Sales during the holiday season can represent up to 20 percent of annual revenue for retailers. How consumers spend their money during this time is of interest for store owners as well as for those looking to better understand and control their spending habits.
In a new study, researchers wanted to investigate whether personality traits or mental health might help shape a person’s holiday spending practices.
The findings, published in the journal Social Psychological and Personality Science, reveal that people who are emotionally stable tend to spend more money during the holiday season, while those who are nervous and have a lower stress-threshold (higher neuroticism) tend to spend less.
“We’ve known for a while that personality is related to what we call ‘broad outcomes:’ how much money you make or how happy you are or how long you live, but we know less about why personality is related to those things,” said co-lead author Dr. Sara Weston at Northwestern University .
In their study, Weston, co-lead author Joe Gladstone from the University College London, and colleagues found that personality traits are connected to more specific spending behaviors, which should in turn impact the broad outcomes, such as long-term financial goals.
The researchers looked at more than 2 million individual transactions from 2,133 participants’ bank accounts and compared the relationship between the Big 5 personality traits (OCEAN: openness to experience, conscientiousness, extraversion, agreeableness, and neuroticism) and spending over the Christmas season.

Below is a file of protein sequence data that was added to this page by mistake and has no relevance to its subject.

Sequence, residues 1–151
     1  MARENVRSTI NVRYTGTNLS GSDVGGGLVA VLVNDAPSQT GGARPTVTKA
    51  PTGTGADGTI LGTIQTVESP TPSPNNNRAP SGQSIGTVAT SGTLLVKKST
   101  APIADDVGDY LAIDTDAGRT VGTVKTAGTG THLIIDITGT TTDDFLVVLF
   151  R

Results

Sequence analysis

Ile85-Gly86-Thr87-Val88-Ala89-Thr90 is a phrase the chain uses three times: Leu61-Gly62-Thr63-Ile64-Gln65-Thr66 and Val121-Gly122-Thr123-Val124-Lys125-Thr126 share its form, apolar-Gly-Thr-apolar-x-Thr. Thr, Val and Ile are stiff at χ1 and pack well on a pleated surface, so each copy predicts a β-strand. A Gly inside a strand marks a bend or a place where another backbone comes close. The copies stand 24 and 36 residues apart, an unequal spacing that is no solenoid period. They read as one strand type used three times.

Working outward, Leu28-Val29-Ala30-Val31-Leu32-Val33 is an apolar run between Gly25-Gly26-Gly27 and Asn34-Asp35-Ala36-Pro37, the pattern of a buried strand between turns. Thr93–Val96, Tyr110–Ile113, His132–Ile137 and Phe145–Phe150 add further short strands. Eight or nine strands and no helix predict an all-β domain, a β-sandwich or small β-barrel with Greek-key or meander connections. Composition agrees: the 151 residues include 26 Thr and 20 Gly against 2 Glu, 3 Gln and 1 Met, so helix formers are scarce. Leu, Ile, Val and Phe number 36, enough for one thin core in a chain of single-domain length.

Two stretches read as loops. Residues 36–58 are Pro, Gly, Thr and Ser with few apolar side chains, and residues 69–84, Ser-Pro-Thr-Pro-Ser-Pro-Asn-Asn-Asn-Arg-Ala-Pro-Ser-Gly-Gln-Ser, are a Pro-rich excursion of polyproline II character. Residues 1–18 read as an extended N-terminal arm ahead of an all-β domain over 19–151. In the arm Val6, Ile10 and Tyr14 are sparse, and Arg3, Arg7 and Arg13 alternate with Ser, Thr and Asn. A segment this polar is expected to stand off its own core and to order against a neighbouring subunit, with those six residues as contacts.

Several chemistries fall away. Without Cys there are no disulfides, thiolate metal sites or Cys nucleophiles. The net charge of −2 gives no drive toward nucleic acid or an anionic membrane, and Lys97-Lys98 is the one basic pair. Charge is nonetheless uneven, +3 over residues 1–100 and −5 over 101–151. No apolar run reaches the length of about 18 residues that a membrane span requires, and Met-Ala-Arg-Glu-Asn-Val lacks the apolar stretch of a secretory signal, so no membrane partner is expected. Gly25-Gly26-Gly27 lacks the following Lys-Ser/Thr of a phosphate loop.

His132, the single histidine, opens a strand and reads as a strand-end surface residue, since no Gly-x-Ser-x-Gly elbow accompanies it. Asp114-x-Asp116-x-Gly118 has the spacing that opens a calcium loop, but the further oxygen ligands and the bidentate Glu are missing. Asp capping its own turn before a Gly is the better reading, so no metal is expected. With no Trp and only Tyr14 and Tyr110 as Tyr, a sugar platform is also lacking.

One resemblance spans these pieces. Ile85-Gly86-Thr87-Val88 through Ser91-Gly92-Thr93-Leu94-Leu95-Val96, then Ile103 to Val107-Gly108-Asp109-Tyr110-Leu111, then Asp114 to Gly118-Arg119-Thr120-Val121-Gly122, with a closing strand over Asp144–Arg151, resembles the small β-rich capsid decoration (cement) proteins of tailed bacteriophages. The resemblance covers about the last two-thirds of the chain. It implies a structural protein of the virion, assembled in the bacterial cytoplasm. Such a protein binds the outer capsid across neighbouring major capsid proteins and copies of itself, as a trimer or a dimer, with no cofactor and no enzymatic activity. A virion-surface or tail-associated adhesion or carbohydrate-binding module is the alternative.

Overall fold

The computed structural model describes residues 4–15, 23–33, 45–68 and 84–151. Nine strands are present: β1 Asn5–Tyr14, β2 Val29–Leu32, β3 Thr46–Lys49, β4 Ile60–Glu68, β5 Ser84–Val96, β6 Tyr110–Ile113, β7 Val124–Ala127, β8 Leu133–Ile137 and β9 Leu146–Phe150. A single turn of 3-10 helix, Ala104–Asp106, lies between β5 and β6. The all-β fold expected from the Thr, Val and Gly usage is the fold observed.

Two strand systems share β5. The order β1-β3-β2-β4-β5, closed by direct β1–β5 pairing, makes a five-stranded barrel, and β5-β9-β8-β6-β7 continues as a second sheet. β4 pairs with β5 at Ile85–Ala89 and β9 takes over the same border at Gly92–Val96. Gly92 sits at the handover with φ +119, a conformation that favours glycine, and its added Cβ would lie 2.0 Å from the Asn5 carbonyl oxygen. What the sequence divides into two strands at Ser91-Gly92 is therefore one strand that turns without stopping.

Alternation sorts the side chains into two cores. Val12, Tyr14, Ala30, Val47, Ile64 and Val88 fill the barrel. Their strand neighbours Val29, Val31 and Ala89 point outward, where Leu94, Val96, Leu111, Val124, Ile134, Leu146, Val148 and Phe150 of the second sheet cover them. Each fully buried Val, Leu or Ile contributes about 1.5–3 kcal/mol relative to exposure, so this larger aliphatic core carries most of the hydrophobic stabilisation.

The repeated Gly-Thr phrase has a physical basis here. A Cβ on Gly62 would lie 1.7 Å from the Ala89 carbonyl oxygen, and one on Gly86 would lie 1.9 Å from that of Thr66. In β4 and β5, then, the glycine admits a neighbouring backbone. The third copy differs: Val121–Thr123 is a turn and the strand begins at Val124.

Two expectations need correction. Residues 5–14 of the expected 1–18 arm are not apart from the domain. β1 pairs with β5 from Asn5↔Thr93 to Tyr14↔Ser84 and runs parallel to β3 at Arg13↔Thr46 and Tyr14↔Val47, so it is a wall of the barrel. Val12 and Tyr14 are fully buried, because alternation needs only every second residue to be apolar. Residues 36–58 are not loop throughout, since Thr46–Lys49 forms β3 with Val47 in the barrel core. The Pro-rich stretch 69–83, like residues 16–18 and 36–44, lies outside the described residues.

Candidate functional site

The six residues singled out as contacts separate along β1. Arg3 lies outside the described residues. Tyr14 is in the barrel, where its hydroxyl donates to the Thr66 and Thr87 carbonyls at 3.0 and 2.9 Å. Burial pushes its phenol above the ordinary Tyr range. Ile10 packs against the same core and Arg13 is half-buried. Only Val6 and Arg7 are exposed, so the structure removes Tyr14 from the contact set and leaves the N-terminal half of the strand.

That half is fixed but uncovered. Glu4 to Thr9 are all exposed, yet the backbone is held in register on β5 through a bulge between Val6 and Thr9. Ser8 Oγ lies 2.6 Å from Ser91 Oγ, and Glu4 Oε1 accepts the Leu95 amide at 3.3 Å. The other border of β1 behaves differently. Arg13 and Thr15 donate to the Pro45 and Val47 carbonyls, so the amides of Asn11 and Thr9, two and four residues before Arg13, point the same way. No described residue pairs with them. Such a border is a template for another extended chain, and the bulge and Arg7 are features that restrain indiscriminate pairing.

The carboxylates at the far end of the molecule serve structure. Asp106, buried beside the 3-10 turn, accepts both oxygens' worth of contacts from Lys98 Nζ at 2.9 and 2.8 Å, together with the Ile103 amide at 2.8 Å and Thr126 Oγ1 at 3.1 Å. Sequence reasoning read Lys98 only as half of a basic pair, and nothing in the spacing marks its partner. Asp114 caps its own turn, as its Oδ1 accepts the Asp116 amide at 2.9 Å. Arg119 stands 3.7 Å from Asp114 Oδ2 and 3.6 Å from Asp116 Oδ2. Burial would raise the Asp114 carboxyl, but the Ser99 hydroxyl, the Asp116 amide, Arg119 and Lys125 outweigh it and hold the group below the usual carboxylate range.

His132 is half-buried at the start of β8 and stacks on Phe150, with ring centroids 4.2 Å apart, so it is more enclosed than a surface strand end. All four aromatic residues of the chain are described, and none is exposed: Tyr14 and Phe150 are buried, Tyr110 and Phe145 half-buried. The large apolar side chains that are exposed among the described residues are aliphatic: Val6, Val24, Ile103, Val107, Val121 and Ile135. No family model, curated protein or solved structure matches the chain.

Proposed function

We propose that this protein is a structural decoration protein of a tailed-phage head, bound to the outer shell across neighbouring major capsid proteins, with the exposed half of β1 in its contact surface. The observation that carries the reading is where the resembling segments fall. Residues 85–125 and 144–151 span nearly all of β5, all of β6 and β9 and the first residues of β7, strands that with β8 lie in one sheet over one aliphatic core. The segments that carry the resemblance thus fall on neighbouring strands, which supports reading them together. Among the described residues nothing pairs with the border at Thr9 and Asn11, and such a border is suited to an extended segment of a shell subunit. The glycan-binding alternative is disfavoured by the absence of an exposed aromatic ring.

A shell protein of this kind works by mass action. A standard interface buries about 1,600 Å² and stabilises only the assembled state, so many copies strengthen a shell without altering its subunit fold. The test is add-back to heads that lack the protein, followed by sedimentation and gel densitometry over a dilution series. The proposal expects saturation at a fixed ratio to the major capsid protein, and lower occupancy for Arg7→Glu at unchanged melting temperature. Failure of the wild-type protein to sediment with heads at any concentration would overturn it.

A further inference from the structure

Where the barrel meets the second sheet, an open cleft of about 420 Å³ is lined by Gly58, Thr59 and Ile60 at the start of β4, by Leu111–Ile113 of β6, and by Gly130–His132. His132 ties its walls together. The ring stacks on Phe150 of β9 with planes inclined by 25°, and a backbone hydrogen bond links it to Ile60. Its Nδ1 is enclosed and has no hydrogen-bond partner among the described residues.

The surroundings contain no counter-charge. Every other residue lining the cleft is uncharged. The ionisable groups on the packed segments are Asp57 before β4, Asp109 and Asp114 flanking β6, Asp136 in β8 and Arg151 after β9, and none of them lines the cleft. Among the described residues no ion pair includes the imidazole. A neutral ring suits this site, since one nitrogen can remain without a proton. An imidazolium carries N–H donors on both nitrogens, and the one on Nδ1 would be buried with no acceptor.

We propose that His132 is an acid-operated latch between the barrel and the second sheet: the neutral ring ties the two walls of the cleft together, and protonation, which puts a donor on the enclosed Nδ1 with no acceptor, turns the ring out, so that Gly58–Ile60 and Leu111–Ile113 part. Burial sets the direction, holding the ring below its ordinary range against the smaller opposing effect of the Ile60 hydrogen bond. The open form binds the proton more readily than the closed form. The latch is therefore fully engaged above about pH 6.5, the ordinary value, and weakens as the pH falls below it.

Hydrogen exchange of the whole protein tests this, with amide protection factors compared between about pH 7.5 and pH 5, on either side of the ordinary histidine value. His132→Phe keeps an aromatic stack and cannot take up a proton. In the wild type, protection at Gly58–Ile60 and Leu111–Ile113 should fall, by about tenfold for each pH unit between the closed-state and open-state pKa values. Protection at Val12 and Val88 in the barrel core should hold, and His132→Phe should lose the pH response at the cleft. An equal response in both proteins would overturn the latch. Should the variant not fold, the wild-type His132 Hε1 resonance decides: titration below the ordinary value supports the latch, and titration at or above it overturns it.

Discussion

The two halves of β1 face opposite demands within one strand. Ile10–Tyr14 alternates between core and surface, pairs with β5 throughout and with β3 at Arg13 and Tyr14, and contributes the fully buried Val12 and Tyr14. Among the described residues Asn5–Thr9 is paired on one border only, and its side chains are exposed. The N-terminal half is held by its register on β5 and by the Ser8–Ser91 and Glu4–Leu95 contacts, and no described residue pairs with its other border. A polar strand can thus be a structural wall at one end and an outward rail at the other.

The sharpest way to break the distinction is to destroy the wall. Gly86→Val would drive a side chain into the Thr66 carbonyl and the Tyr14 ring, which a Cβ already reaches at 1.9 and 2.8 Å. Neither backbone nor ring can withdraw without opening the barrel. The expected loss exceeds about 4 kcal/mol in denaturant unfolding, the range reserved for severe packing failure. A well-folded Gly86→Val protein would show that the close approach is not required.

They found that people who are more emotionally stable tend to spend more over the holidays while those high in neuroticism spend less.
They also discovered that those with more artistic interests and more active imaginations — those higher in openness — spend less during the holiday season while those low in openness spend more.
The study also revealed those who are more conscientious spend more, and those who are less conscientious spend less.
But personality is only one small part of consumer behavior, especially at the individual level, the researchers said. From household size to income and many other factors, there are numerous influences at the individual shopping level.
Still, the study offers a road map of how combining large-scale information with personality can provide a “big picture” view of consumer habits.
“By providing objective measures of both annual and holiday spending, the data allow for a truly ecological study of the relationship between personality traits and consumer behavior,” Gladstone said.